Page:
Residents say Azurest is at least as precious in an integrated world as it was in a segregated one.

Dr. Broderick, who raised his children in Scarsdale on an otherwise all-white block, said he did not realize until they were adults that his three sons and one daughter had been taunted in school and lonely when they reached dating age. They kept those experiences from him because he had told them, "You're up here to get an education, so blend in."

"By and large their friends were from here," Dr. Broderick said, as he traded pleasantries with Mr. Graves on their adjacent waterfront decks. "This place was a boon to us. We have tribal-type roots here."

Shannon and Gail Richards, Synthia's parents, who are in their 30's, met here, played together as children, hung out as teenagers and still consider the summertime clique from their childhood their closest friends. Thumbing through pictures that span five generations, Mr. Richards characterized the relationships. "These are my cousins who aren't really my cousins and my brothers and sisters who aren't really my brothers and sisters," he said.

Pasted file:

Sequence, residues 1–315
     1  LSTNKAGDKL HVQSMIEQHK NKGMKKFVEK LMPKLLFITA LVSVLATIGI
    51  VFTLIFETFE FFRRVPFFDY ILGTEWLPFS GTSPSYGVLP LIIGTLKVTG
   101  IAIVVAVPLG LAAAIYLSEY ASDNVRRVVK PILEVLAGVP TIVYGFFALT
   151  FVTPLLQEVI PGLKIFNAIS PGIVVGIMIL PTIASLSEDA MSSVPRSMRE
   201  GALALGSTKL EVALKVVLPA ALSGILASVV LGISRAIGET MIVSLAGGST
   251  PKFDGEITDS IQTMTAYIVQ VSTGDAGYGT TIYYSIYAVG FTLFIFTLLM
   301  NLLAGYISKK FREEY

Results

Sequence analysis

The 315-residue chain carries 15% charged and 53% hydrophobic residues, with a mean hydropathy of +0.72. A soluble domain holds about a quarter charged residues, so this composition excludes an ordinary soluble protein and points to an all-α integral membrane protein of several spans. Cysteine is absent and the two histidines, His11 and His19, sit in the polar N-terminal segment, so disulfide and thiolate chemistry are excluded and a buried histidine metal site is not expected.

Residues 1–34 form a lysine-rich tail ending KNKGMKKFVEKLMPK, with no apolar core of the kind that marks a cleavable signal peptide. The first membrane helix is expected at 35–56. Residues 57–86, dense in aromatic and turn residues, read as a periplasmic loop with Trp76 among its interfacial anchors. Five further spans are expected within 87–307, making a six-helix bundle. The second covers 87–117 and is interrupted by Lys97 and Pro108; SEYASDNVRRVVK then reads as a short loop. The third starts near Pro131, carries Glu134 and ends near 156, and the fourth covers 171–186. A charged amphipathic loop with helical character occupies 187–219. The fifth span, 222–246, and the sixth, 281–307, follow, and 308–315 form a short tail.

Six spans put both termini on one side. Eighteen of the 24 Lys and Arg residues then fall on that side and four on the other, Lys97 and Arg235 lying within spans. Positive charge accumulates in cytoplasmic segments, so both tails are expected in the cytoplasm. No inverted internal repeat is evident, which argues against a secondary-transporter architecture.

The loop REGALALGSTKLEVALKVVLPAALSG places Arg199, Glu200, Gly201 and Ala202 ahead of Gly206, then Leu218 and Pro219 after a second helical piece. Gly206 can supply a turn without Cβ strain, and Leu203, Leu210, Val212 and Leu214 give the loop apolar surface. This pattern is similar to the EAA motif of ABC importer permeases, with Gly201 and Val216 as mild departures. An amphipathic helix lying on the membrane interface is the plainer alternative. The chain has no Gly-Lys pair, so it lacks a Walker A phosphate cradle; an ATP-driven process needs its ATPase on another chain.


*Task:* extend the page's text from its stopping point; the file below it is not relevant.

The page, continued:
As for the adults of his parents' generation, the men were role models and mentors, said Mr. Shannon, a computer consultant whose wife worked at Oxygen Media until Synthia's birth. The women all watched over him like a son. To this day, he calls many of them "mom," knowing they "had the full authority that title implies."

Azurest's newest homeowners also seek a counterpoint to their Monday-to-Friday reality, mixing comfortably with whites at the Episcopal church or village board meeting, shopping and dining in the quaint downtown, but largely going their separate ways.